Magazine article Marketing

BEYOND THE KITCHEN: Celebrity Chefs Have Become Brands in Their Own Right. What Qualities Do They Need to Last, Asks Robert Gray

Magazine article Marketing

BEYOND THE KITCHEN: Celebrity Chefs Have Become Brands in Their Own Right. What Qualities Do They Need to Last, Asks Robert Gray

Article excerpt

The concept of the celebrity chef is by no means new. A hundred years ago Auguste Escoffier was making French cuisine world-famous and some of the dishes he created, such as Peach Melba and Tournedos Rossini, remain culinary classics.

But while various haute cuisine links with the past remain intact, what it means to be a celebrity chef has undergone a staggering transformation.

An explosion in recipe book publishing, TV cookery shows and media attention on the country's most palate-pleasing restaurants has created an array of famous cooks.

A handful of chefs now have the same status and renown as actors and pop stars. Consumers are interested in how they behave and identify with them. Antony Worrall Thompson's autobiography, Raw, for instance, is selling steadily.

Sporting heroes and pop stars regularly endorse products and the unambiguous association with food and drink means a celebrity chef provides a promising platform on which a brand can be marketed.

As a result, in recent years a host of food and kitchen products carrying a celebrity chef's name have made their way on-shelf.

There are, however, difficulties in building brands of this kind. One is ensuring the longevity of a brand constructed around a personality - especially given the fickle nature of public opinion when it comes to the popularity of celebrities. Another is ensuring that if the brand has long-term success, it avoids over-extension.

Laura Haynes, director of brand consultancy Appetite, has some reservations as to the sustainability of most of the chef brands. 'We, like all other marketing consultancies, have spent years talking about personifying brands,' she says. 'But something makes me uncomfortable about what's going on here. Although the chefs are recognisable, allowing consumers to differentiate the products, some of the values are a bit thin.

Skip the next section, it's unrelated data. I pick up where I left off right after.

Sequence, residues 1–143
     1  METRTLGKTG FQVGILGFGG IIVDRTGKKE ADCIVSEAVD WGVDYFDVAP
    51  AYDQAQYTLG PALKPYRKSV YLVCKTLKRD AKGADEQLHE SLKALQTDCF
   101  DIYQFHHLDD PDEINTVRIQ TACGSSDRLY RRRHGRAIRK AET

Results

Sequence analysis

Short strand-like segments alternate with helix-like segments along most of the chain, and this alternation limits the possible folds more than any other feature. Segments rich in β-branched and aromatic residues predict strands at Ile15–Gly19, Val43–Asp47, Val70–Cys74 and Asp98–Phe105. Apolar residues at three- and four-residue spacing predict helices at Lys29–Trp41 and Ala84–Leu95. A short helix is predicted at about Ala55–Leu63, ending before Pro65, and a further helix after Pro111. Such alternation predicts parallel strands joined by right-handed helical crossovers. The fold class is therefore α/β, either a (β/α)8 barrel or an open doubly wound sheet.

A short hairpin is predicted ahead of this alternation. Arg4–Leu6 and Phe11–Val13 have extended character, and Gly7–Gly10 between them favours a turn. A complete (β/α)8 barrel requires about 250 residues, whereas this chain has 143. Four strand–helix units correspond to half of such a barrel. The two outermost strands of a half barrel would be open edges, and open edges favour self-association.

'There's probably some social comment to be made about this phenomenon; maybe it is to do with consumers' insecurities about making choices.'

Undoubtedly, a celebrity chef brand has a head-start over a brand created from scratch with no public recognition. Yet the use of a celebrity chef hardly creates a safety net.

Esteemed Indian chef Madhur Jaffrey was once used as a brand by both food company Tilda and cookware manufacturer William Levene. Only the latter tie-up remains. So what must food brands that use celebrities do to ensure the associations not only survive, but thrive in the long term?

Loyd Grossman, the journalist and TV presenter behind the eponymous food brand, says that it takes far more than market research. 'Brand extensions have to be plausible,' he argues. 'The more closely you are identified with a brand, the easier it is to make sure it is plausible.'

Grossman says there is nothing new to giving a human face to a food brand, citing the example of fictional characters Uncle Ben and Betty Crocker that have in the past been used to bring a brand to life.

All the products bearing his name, Grossman points out, are true to what he wants the brand to stand for. 'The product has to have intrinsic values that the customer wants,' adds Grossman. 'If it does, it will outlive the transient nature of the TV show and the celebrity. There's a huge difference between a disparate bunch of products with someone's face slapped on and a brand.'

The Grossman brand has undoubtedly been a tremendous success, but ironically, Grossman is not even a chef. Neither was Linda McCartney.

What this demonstrates is that prosperity in the supermarket aisle has more to do with values and attributes than brilliance in the restaurant kitchen.

Jamie Oliver is an outstanding chef, but that is only one of the reasons for his success as a brand. There are a few chefs cooking in the UK's finest restaurants who are arguably streets ahead of Oliver in terms of innovation, presentation and their ability to summon mouthwatering feasts from the most inspired combination of ingredients. …

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